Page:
You were one of our first employees in the Spanish office. Was there anything that surprised you when you joined the Acorio team? 

One of the biggest changes moving to Acorio is that my previous roles weren’t part of a specific practice. Now, as part of Acorio’s UX practice, I get to work closely with people that are experts in the same area of the platform as I am. I really enjoy this structure because it helps me learn every day and grow professionally. 


When I first joined the team, I was also really impressed by the partnership that Acorio establishes with our clients. I feel like the client is truly part of Acorio’s team while working on a project, we work hard to form a great relationship and really work together to ensure each project is a success. The same thing can be said for Acorio internally too. When we first joined the team, every time we ended a call, Olga, Noe and I would tell each other “this person is SO nice” – it soon became a joke that every single call ended with that same conversation. Honestly, we don’t feel the distance so much. Even though we’re working from Spain, we know that Acorio is truly one single team working together. 

What characteristic do you think is most important for consultants to model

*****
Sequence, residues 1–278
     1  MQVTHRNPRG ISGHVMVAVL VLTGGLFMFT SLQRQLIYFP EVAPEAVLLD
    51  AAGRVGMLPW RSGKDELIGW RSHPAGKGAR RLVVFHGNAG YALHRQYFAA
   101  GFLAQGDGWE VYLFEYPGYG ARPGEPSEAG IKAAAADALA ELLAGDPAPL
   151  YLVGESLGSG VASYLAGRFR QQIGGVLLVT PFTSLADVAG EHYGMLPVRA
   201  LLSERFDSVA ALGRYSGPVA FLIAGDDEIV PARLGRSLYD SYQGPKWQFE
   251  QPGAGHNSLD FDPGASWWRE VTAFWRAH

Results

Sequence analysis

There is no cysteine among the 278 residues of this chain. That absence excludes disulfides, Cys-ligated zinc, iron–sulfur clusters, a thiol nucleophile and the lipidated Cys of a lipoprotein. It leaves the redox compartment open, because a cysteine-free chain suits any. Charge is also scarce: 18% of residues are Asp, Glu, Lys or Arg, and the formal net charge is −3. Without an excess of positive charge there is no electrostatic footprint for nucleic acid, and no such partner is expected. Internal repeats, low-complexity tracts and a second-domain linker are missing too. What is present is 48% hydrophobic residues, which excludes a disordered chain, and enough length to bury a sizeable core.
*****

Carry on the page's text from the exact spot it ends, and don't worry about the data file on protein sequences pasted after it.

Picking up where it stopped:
I would say that the most important trait for a consultant is to be open-minded. It’s impossible to know everything. Even if you think your approach is right, it’s really important to remain flexible and listen to others’ opinions. Especially in regards to designing a portal, flexibility is key because trends change over time, so we are always looking for new ideas. By remaining open to new design or technical approaches, we minimize the risk of limiting the quality of our work. 

Do you have a work ‘mantra’ or phrase that you live by? 

Try to learn as much as you can everyday. This can apply to all areas of life and work, for example, the Spanish team is always looking for ways to improve our English speaking skills. Additionally, as consultants, we’re always learning new ways to improve how we work and collaborate within our Acorio team and with our clients. 

Since the start of COVID19, you have had to work from home. What was that adjustment like and how has your work routine shifted since then?